Although the 2020 census won't take place for another two years, the concern about its potential accuracy is starting early in Chicago.
"We've had problems in the past and we don't want those to take place," said journalist Steve Franklin, who was hosting a "speed-dating" program for journalists and public policy advocates on behalf of the non-profit Public Narrative, which seeks to teach journalists and nonprofits how to tell better stories about communities they serve.
Throughout the evening at a Loop venue, journalists were invited to connect with representatives from local nonprofit to discuss concerns about the upcoming census process. During a short panel, public-policy experts outlined some of the past and future potential issues with census-taking. A major theme was possible undercounting of minorities. Metropolitan Planning Council's Alden Loury dissected how political ward boundaries shift as African-American populations decline and Latino populations increase. Overall, shifting populations will likely cost Illinois one or two seats in the U.S. House of Representatives.
"We can't talk about the census without talking about the political ramifications," said Celina Villanueva, of Illinois Coalition and Refugee Rights. Franklin added that undercounting likely cost Illinois $120 million in federal funding, and that Illinois came in fourth on total population loss in the last census.
A major discussion topic was the recently proposed "citizenship question," in which census takers would literally be asked if they were U.S citizens. To Latinx organizations, this would be another barrier to counting a historically undercounted population correctly. Both Villanueva and Griselda Vega Samuel, of Mexican American Legal Defense and Educational Fund, highlighted the Latinx community's distrust of sharing information, particularly with an eye towards it use in deportations.
"The fears are there, but we don't have definitive answers," said Villanueva, who added that 18 states and various cities, including Chicago, are suing to remove the citizenship question. When asked about the suit's outcome, Samuel said that it was expected to win, but appeals would continue if that was not the case.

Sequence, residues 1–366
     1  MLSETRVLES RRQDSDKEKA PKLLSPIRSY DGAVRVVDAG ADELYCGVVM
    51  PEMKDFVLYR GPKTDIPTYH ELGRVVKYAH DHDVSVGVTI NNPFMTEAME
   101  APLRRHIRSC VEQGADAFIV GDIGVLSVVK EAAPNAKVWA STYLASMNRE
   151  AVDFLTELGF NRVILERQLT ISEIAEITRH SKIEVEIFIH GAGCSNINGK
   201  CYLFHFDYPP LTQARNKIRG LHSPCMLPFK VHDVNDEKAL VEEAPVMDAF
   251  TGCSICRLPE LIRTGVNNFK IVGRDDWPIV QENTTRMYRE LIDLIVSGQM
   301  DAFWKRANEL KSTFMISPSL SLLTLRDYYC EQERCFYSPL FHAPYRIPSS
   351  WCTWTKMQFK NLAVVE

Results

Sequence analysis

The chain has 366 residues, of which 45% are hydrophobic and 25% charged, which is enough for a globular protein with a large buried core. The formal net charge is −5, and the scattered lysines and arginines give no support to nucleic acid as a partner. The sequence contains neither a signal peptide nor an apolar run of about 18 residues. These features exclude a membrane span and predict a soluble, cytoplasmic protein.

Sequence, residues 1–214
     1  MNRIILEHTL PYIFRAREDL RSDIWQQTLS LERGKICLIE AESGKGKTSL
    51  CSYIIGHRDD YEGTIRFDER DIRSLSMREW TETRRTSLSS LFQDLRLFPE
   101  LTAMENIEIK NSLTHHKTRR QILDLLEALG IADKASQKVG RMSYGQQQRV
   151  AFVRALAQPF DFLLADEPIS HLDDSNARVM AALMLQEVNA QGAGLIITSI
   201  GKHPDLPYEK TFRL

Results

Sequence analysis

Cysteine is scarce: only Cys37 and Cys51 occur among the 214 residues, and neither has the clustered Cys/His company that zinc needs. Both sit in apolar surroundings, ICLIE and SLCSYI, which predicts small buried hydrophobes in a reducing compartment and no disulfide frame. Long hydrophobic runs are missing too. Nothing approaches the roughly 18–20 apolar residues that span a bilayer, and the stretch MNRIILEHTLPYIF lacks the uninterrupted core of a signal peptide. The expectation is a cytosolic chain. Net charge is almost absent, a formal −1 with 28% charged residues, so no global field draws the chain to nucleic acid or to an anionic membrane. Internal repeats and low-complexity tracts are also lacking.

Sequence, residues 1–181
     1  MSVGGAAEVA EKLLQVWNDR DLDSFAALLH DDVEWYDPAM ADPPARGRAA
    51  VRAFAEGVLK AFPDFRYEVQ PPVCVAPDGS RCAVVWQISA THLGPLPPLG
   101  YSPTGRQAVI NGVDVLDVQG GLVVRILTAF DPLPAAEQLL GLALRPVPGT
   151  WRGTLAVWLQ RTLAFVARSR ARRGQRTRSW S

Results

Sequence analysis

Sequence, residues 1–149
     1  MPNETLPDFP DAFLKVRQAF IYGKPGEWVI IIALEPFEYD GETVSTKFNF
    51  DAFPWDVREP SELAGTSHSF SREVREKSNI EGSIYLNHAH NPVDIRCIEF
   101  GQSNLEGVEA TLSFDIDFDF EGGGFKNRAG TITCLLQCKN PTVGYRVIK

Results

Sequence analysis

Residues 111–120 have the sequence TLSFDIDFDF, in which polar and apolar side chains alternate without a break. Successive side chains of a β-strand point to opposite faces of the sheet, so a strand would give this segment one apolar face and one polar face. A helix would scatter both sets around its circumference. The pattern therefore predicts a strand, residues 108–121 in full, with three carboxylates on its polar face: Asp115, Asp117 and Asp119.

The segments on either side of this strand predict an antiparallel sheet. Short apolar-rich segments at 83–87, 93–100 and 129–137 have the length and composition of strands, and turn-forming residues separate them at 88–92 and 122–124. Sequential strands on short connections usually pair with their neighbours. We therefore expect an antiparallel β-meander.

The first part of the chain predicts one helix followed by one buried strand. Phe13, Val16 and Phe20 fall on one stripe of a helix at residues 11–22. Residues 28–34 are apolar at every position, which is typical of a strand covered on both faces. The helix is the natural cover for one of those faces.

Another important change from 2010 was that the 2020 census may take place, in part, online. While those from the Latinx community, which skews younger, felt that their community would be less affected by that change, Chicago Urban League's Kathie Kane-Willis mentioned that African-American communities have both a "digital divide" and a similar distrust of government. Overall, she said, hard-to- count communities have more "commonalities than differences."
An overarching concern was the lack of federal infrastructure in place to run an accurate census. Rick Bryant, who was not on the panel but there on behalf of U.S. Rep. Robin Kelly, pointed out that the 2010 census had been test-run in five places, whereas the only test run for 2020 is set for Providence, Rhode Island. This struck Bryant as being "deliberately underprepared."
"Clearly, the administration is not concerned about a full count," Bryant said.
Kane-Willis concurred, pointing out that there were 200 census workers in Chicago before 2010, as compared to six right now, although she attributed the perceived lack of readiness to "incompetence, rather than a master plan." She added that undercounts historically affect cities and "blue states with immigrant populations."
All of the panelists agreed on the census's importance for business. "It's resources, it's money, there's a million and one different reasons," said Villanueva. Loury mentioned the importance of having an accurate idea of potential markets, and in particular, how low-income communities rely on their population size to attract investment.
"It's vital for these communities to show they're vibrant," Loury said. Speaking as a researcher, he also called census data "the primary source for the field of study around society itself."
The various nonprofits invited to connect with the journalists in the audience each spoke briefly about their concerns about census accuracy. Many mentioned how an undercount was possible within their community and how a lack of funding would impact their goals. Illinois Collaboration on Youth's Angie Jimenez in particular citied how the state budget impasse had closed organizations serving youth and caused DFCS and child welfare service rates to skyrocket. Youths, particularly those 5 and younger, are a notoriously hard population to count accurately, and Jimenez also mentioned that LGBTQ homeless youth were a particularly vulnerable population to undercounting. ( While the 2020 census will be the first to officially ask about same-sex relationships, there remains no question about LGBTQ identity for the unpartnered. )
Common Cause's Brian Gladstein summed up the urgency and importance of having an accurate census, even if the administration who coordinated loses power past 2020. Accurate or not, the information the census gathered, Gladstein said, "will affect us for the next 10 years."